(a) running the tape at a first predetermined speed from the first toward the second extremity thereof for writing or reading data thereon by the head unit along any of a first group of parallel data tracks, and from the second toward the first extremity of the tape for writing or reading data thereon by the head unit along any of a second group of parallel data tracks;
(b) terminating the writing or reading of data along any of the first group of data tracks upon detection of the first tape mark, and the writing or reading of data along any of the second group of data tracks upon detection of fifth tape mark;
(c) changing the tape speed from the first to a second predetermined speed, lower than the first predetermined speed, upon detection of the second tape mark during tape travel from the first toward the second extremity thereof, and upon detection of the sixth tape mark during tape travel from the second toward the first extremity thereof;
(d) ending the tape travel from the first toward the second extremity of the tape upon detection of the third tape mark, and the tape travel from the second toward the first extremity thereof upon detection of the seventh tape mark;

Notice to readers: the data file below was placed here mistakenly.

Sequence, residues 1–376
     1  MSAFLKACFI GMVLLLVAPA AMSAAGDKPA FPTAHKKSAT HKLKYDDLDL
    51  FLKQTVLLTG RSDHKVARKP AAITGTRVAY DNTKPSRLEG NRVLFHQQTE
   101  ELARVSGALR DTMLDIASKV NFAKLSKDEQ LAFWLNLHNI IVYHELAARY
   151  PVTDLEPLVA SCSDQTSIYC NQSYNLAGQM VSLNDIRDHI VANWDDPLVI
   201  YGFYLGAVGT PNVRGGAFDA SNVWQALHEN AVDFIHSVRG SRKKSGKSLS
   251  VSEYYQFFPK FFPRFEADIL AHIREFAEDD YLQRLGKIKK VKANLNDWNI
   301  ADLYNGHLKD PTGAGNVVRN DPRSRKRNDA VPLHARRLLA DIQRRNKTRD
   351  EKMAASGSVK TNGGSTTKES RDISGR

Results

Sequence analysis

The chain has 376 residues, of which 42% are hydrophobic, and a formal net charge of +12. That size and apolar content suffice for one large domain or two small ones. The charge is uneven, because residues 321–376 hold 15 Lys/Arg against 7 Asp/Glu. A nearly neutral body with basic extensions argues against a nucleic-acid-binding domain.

(e) running the tape at the second predetermined speed from the second toward the first extremity thereof, and from the first toward the second extremity thereof
(f) stopping the tape upon detection of the third tape mark while running the tape from the second toward the first extremity thereof, and upon detection of the seventh tape mark while running the tape from the second toward the first extremity thereof; and